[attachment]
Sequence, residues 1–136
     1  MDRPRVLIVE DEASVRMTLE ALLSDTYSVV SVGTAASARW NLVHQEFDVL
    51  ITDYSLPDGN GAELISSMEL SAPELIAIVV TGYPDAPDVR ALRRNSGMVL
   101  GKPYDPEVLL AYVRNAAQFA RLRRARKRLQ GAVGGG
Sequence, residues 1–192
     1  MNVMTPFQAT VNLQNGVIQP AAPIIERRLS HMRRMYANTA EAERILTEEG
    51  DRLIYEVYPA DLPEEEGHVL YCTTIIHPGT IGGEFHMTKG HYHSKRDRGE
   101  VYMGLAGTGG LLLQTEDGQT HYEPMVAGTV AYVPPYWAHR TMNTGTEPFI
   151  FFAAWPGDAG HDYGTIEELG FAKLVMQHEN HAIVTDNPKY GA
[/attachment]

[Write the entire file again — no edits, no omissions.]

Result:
Sequence, residues 1–136
     1  MDRPRVLIVE DEASVRMTLE ALLSDTYSVV SVGTAASARW NLVHQEFDVL
    51  ITDYSLPDGN GAELISSMEL SAPELIAIVV TGYPDAPDVR ALRRNSGMVL
   101  GKPYDPEVLL AYVRNAAQFA RLRRARKRLQ GAVGGG
Sequence, residues 1–192
     1  MNVMTPFQAT VNLQNGVIQP AAPIIERRLS HMRRMYANTA EAERILTEEG
    51  DRLIYEVYPA DLPEEEGHVL YCTTIIHPGT IGGEFHMTKG HYHSKRDRGE
   101  VYMGLAGTGG LLLQTEDGQT HYEPMVAGTV AYVPPYWAHR TMNTGTEPFI
   151  FFAAWPGDAG HDYGTIEELG FAKLVMQHEN HAIVTDNPKY GA